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NY utilities challenge FERC over capacity zone pricing

By: Barbara Vergetis Lundin |

Joining the New York Power Authority (NYPA) and the New York State Public Service Commission (PSC), Central Hudson Gas & Electric Corporation and Iberdrola USA subsidiaries New York State Electric & Gas Corporation and Rochester Gas and Electric Corporation have challenged the Federal Energy Regulatory Commission’s (FERC) decision to assess “unnecessarily high prices in the new capacity zone in the lower Hudson Valley,” providing oral arguments in the Second Federal Circuit Court of Appeals in New York City.

Capacity charges are required to ensure generators are available in the event of unforeseen circumstances like sudden demand spikes, and the new capacity zone changes the way utilities in lower New York must purchase capacity.

In their argument, all three utilities urged the court to order FERC to revisit and revise its decisions relating to pricing in the new capacity zone, termination of the new capacity zone and to compensate customers for the higher resulting electric supply costs.The utilities estimate that the new capacity zone will increase residential bills by nearly 6 percent and industrial customer bills by up to 10 percent while providing no customer benefits, and requested that FERC allow time for the transmission solutions to take place.

“We oppose FERC’s implementation of the new capacity zone because it increases electricity costs for our customers without a corresponding benefit,” James P. Laurito, president of Central Hudson. “We believe electric transmission development is a far better solution, as this will alleviate power concerns without the high cost of a new capacity zone.”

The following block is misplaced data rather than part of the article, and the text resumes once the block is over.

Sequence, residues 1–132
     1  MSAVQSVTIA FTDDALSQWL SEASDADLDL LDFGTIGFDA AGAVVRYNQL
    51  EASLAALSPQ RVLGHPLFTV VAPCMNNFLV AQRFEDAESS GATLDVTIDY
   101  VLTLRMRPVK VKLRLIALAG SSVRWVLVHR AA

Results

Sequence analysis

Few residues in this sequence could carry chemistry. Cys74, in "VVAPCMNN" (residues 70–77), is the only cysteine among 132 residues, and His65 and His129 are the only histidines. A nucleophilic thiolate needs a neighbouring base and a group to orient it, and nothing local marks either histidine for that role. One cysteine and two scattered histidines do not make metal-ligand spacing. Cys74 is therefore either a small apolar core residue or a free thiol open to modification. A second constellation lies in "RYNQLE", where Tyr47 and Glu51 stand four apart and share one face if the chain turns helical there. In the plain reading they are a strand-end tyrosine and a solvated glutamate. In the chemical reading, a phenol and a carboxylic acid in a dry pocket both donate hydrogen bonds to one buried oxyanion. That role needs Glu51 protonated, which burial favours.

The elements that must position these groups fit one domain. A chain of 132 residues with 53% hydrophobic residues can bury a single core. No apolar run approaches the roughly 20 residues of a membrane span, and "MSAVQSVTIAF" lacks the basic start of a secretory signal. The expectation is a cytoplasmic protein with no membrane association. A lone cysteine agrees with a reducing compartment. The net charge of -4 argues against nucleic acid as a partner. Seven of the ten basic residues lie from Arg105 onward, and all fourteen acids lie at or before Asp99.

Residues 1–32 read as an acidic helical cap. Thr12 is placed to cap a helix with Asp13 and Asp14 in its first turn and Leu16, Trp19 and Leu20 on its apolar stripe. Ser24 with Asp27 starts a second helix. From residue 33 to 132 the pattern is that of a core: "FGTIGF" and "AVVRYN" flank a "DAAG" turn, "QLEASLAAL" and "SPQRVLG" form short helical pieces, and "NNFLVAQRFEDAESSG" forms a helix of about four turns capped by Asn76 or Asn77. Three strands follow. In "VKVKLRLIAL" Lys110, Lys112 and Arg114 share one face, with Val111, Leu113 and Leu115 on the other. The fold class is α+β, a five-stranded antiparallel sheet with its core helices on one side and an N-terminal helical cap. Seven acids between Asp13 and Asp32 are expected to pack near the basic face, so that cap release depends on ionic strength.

The New York State PSC feels just as strongly.

“We understand that the FERC-administered capacity market is designed to have a price signal high enough to incent new supply to maintain a reliable system and we are as concerned as FERC with the reliability of the system. However, in the short-term, this is beneficial only to existing generators in the region at the expense of consumers who pay while receiving no benefits. It is also of no benefit to new generators since they won’t be on-line this summer, nor will new generators benefit until they actually bring plants on-line,” the PSC said in a statement. “We are disappointed and frustrated because FERC has been dismissive of our ongoing proceedings to construct transmission, as well as our efforts to address generator re-powering requests. These take time, but they will happen. Our greater concern is that FERC is ignoring consumer impacts, and its decision is an unnecessary transfer of wealth from consumers who are already reeling from last winter(‘s) price increases. We are pressing on with the courts, and we will continue to press FERC to work with, not against, the State and its consumers.”

Capacity prices in the lower Hudson Valley are estimated by the three utilities to have increased by approximately $80 million since the new capacity zone was implemented on May 1, 2014.